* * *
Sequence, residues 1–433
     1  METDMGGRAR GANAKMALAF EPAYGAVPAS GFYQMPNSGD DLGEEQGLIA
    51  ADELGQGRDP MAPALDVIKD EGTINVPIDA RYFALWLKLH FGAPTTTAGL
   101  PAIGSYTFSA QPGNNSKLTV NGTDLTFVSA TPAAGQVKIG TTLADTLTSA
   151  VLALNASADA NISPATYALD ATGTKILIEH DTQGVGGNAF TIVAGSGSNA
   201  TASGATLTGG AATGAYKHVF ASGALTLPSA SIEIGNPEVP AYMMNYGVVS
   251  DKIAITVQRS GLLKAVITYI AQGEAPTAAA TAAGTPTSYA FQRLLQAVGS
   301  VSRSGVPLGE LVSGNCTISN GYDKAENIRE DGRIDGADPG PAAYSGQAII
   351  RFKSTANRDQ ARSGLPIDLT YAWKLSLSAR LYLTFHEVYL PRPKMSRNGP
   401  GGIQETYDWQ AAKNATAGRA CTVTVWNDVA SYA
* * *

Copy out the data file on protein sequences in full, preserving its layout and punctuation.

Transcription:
Sequence, residues 1–433
     1  METDMGGRAR GANAKMALAF EPAYGAVPAS GFYQMPNSGD DLGEEQGLIA
    51  ADELGQGRDP MAPALDVIKD EGTINVPIDA RYFALWLKLH FGAPTTTAGL
   101  PAIGSYTFSA QPGNNSKLTV NGTDLTFVSA TPAAGQVKIG TTLADTLTSA
   151  VLALNASADA NISPATYALD ATGTKILIEH DTQGVGGNAF TIVAGSGSNA
   201  TASGATLTGG AATGAYKHVF ASGALTLPSA SIEIGNPEVP AYMMNYGVVS
   251  DKIAITVQRS GLLKAVITYI AQGEAPTAAA TAAGTPTSYA FQRLLQAVGS
   301  VSRSGVPLGE LVSGNCTISN GYDKAENIRE DGRIDGADPG PAAYSGQAII
   351  RFKSTANRDQ ARSGLPIDLT YAWKLSLSAR LYLTFHEVYL PRPKMSRNGP
   401  GGIQETYDWQ AAKNATAGRA CTVTVWNDVA SYA